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Recent news headlines have focused on chlormequat in our food. What is chlormequat and why is it used? Chlormequat is a chemical that regulates the size and growth of plants, especially in crops like wheat, barley, oats, and fruit trees. It is a plant growth regulator, which means it changes how plants grow and develop instead of directly dealing with pests or diseases like pesticides. It can be useful in farming because it lowers the chance crops will bend over and make harvesting more difficult. In the U.S., the chemical is only allowed to be used on ornamental plants. In 2018, the U.S. Environmental Protection Agency (EPA) permitted grain imports that used chlormequat.

Why Is Chlormequat Showing Up in Our Food?

The peer-reviewed study notes some key findings:

  • Some chlormequat was found in U.S. human urine samples from 2017-2022
  • In 2023, an increase in chlormequat was found in U.S. urine samples, particularly in oat-based foods
  • Organic products were less likely to contain the chemical, as were wheat products. 

It looks like the increase of this chemical in our food supply and bodies is from imported grains being used in foods we pull off the shelf in our American grocery stores. Because there is no standard U.S. monitoring of this chemical, it was not apparent until this study brought attention to it. 

Oats undergo various processing steps after they are harvested, before they become part of your breakfast. Processing steps may include cleaning, milling, and sometimes fortifying raw oats with extra vitamins and minerals. There may be some chlormequat residues left in the final product, even though steps are taken to reduce them, especially if it was applied during growing.

Is Chlormequat Bad For Our Health?

Regulatory agencies set limits for chemical residues in food products. The urine concentrations in the study are below current U.S. and European Food Safety Authority benchmark values, although it can understandably feel uncomfortable to purchase and eat foods with chemicals in them that are not designed for consumption.

What Can Consumers Do About Contaminants in Food?

We often hear that we as consumers can show with our wallets what we want to consume. However, making it the responsibility of every person to read and understand potential food risks is impossible when products don’t list contaminant facts next to nutritional facts on the label. There also is not a domestic contaminant testing program that covers all possible food contaminants. For the time being, organic grain products were less likely to show detectable levels of chlormequat so, while it’s not always available or within someone’s budget, it could be beneficial to purchase organic foods if possible. Additionally, farmers, manufacturers, suppliers, food distributors, and retail chains should limit the use of chlormequat in the planting, harvesting, processing, and supply chain systems.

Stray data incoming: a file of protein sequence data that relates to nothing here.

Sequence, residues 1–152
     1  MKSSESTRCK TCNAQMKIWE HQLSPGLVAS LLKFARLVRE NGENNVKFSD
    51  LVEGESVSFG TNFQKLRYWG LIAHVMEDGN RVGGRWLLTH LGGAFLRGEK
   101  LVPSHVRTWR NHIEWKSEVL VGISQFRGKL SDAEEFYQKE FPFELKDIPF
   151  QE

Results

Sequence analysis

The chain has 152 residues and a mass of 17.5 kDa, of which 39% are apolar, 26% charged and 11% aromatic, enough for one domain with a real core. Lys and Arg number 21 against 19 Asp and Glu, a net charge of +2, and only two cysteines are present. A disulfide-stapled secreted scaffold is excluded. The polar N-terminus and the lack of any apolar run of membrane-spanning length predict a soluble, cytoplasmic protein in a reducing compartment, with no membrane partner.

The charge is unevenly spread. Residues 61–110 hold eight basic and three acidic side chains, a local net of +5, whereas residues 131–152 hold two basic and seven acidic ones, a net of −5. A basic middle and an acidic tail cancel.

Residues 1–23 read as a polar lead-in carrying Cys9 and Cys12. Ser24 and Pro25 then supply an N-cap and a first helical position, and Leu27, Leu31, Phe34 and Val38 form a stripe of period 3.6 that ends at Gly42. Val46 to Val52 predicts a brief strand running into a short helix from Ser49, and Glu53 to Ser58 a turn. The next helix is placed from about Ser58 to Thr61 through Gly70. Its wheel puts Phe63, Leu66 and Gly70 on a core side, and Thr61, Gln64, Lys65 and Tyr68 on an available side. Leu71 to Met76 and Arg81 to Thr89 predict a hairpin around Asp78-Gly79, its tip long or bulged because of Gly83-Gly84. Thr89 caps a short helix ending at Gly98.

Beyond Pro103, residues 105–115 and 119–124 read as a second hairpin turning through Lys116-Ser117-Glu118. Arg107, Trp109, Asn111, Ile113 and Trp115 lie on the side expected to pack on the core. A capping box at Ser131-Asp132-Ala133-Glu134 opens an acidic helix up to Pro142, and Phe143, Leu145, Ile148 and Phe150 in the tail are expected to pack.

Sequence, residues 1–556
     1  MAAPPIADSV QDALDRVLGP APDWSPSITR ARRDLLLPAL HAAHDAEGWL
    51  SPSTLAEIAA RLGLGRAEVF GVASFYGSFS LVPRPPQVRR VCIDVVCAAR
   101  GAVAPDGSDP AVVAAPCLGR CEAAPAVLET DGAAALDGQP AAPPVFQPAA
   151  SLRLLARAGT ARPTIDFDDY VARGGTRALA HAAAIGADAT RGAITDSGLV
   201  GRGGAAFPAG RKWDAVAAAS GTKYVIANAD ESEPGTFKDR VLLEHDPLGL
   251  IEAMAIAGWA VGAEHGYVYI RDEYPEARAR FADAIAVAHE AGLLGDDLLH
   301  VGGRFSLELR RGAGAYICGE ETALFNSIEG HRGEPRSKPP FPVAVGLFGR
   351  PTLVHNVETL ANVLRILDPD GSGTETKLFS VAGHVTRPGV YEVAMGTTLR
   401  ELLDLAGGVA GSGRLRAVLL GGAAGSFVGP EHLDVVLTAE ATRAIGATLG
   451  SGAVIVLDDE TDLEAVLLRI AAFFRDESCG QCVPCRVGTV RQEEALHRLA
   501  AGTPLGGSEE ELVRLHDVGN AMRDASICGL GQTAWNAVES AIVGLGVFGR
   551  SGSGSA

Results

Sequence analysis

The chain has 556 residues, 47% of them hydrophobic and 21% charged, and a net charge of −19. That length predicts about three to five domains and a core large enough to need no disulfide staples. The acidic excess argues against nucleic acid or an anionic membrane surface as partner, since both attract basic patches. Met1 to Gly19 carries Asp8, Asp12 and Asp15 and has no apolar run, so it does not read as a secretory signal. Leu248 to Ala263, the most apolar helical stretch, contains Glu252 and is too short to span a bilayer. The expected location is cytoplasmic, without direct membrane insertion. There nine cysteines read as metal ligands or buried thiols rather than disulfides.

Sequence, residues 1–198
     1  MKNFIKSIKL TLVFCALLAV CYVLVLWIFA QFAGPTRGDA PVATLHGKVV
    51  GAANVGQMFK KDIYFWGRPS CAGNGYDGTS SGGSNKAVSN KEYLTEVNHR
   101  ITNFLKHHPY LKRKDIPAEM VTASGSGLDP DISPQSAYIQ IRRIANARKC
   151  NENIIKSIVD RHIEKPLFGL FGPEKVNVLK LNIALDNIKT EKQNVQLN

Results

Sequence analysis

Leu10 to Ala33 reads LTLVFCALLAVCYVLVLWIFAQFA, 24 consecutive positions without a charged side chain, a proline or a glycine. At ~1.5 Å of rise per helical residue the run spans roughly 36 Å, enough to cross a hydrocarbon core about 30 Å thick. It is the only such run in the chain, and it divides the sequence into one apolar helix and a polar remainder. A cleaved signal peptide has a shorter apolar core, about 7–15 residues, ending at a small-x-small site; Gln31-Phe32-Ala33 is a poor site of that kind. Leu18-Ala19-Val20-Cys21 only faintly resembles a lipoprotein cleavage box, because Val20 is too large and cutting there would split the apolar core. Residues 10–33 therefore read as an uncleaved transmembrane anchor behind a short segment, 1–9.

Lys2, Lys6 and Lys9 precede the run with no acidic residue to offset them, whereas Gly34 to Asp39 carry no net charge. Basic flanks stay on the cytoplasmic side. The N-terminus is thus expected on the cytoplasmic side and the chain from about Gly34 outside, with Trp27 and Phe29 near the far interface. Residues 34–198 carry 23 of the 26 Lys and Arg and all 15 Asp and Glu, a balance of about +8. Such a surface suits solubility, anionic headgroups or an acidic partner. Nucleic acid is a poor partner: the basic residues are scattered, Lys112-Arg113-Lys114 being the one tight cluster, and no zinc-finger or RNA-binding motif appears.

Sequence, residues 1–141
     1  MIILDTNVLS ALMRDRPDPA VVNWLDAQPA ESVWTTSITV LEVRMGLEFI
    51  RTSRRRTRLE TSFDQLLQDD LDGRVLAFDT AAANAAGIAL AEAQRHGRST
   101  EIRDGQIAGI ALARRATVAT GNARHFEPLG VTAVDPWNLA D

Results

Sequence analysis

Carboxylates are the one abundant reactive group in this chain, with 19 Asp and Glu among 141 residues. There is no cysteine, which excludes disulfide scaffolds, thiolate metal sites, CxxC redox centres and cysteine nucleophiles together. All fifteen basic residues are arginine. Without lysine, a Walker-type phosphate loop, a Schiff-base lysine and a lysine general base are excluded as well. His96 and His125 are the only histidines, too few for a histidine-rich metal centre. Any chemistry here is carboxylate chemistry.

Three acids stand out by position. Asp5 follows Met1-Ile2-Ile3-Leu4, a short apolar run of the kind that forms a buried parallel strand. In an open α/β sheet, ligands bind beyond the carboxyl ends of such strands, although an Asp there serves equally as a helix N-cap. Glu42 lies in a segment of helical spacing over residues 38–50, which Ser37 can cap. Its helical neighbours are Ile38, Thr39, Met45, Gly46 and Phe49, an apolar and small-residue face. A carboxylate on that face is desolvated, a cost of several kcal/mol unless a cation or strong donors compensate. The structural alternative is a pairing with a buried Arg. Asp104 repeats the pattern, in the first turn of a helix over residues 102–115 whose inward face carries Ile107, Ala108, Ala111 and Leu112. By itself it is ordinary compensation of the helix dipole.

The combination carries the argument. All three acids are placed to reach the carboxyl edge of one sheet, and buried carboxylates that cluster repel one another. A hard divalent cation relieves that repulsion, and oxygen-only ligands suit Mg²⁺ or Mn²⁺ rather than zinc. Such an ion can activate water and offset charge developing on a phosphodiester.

Preventing Chemical Contaminants in the Future 

The illuminating aspect for us is the fact that chlormequat in oat-based products was tangentially found by a voluntary research study, which sheds light on the fragility of our food system when it comes to chemical contaminants. How do we prevent this in the future? One approach is to continue refining agricultural practices to minimize the need for chemical interventions like chlormequat. This includes promoting sustainable farming methods and ongoing research for safer farming practices. This might involve breeding crop varieties that are naturally more resistant to stressors like bending over or exploring innovative techniques like precision agriculture to optimize harvesting.

Bridging Science and Policy for Public Health

At RTI, we continue to work with multisectoral partners to help bridge the gap between science and policy to improve the human condition. Part of our mission is to communicate risks to the community as emerging contaminants make the news, leverage awareness, and more comprehensively evaluate potential environmental health risks. 

To truly protect public health, there must be a framework for chemical usage in the U.S. that more proactively evaluates the risk of chemical usage and implements a monitoring plan before there is approval to add yet another chemical into the mouths of Americans eating breakfast. For that, we could look to the European Union’s precautionary principle approach and evaluate the differing views on how they could be applied. Until then, we continue to tackle emerging chemical contaminants that are identified from farm to fork in a nonlinear game of theoretical whack-a-mole. 

Learn more about RTI’s work in food safety.

Disclaimer: This piece was written by Jennifer Hoponick Redmon (Senior Director, Environmental Health and Water Quality), Imari Walker-Franklin (Research Chemist), and Jamie Pero Parker (Innovation Advisor) to share perspectives on a topic of interest. Expression of opinions within are those of the author or authors.